Proponents of trials in national criminal courts - in particular, in federal district courts - argue that this method was successfully used to convict defendants who carried out prior attacks by al Qaeda, including the 1993 truck bomb attack on the World Trade Center, and the 1998 truck bombings of two American embassies in East Africa.  The 1980 Classified Information Procedures Act provides courtroom procedures to minimize the unnecessary disclosure of sensitive information.  Federal statutes allow the full range of penalties for terrorist attacks on American civilians and American facilities, permitting capital punishment where victims have died.  Prosecutors have been willing to make delicate decisions about disclosing evidence necessary for proof of a case, including an al Qaeda training manual and testimony about the structural stability of the World Trade Center towers.  Open trials in federal district court allow the international public to review the evidence and see that justice has been done.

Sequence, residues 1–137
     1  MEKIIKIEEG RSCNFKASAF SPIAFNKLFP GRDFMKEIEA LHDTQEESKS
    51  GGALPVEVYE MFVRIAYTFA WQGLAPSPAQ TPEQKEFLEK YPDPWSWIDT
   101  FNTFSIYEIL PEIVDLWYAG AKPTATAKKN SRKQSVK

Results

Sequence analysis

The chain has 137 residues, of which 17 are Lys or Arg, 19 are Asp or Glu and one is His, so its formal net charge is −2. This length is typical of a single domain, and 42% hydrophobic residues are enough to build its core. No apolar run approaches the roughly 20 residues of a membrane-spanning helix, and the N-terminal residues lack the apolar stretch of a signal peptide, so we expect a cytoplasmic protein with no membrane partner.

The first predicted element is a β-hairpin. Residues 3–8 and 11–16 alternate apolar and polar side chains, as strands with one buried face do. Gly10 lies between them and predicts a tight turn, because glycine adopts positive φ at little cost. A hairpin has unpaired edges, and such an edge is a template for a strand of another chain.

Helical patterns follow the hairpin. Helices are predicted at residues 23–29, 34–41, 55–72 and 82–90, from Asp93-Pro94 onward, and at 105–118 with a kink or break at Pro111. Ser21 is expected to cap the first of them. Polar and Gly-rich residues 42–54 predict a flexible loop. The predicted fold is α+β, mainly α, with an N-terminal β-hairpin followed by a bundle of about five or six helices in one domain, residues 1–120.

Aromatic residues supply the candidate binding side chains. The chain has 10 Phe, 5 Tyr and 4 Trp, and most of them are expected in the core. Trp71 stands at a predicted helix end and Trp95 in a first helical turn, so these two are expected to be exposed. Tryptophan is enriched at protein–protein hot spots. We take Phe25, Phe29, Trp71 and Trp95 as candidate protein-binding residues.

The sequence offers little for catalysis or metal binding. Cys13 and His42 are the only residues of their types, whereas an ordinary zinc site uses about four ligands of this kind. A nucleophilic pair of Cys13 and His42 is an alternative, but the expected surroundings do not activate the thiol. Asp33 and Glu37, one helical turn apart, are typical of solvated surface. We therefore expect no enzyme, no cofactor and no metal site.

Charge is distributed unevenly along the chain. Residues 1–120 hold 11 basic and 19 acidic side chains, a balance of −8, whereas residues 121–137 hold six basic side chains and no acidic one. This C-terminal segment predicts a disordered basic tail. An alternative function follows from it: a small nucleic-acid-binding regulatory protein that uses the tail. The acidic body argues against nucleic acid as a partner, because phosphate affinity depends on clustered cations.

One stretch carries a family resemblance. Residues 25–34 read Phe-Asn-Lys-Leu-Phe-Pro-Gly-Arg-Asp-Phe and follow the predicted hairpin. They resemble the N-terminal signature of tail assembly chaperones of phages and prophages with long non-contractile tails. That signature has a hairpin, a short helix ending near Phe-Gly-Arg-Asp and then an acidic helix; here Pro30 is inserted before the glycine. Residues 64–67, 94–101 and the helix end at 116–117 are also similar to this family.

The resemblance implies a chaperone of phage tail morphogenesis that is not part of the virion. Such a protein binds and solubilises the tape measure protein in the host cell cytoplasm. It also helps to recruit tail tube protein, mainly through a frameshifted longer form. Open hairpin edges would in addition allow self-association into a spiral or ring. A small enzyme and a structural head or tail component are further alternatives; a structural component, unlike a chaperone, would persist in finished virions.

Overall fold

Critics of this option argue that the events of September 11 have changed the balance of harms and benefits.  Previous trials did not prevent continued al Qaeda attacks - a strategy of interception as well as deterrence is necessary for that.   Domestic criminal law supposes that future crimes can be avoided through deterrence, but the al Qaeda cult of martyrdom presents obvious difficulties for that peacetime strategy. Disclosure of the methods used by the government to follow the activities of al Qaeda network, in order to prove a case in open court, could have disastrous consequences, especially since it is believed that al Qaeda has attempted to acquire weapons of mass destruction such as radiological bombs and nuclear devices.  Bin Laden and the al Qaeda network are skilled in counter-surveillance, and have changed communications systems several times, to shut down U.S. surveillance. Under existing rules, a federal courtroom cannot be closed, even in the case of sensitive operational information, and al Qaeda members can scrutinize the trial record to see what the government knows about their operating methods. In addition, the strict rules of evidence in federal trials prevent the jury from hearing various forms of probative evidence, including reliable hearsay. Providing security to judges and jurors is a severe challenge, and the location of district courthouses in urban areas poses a hazard to innocent civilians.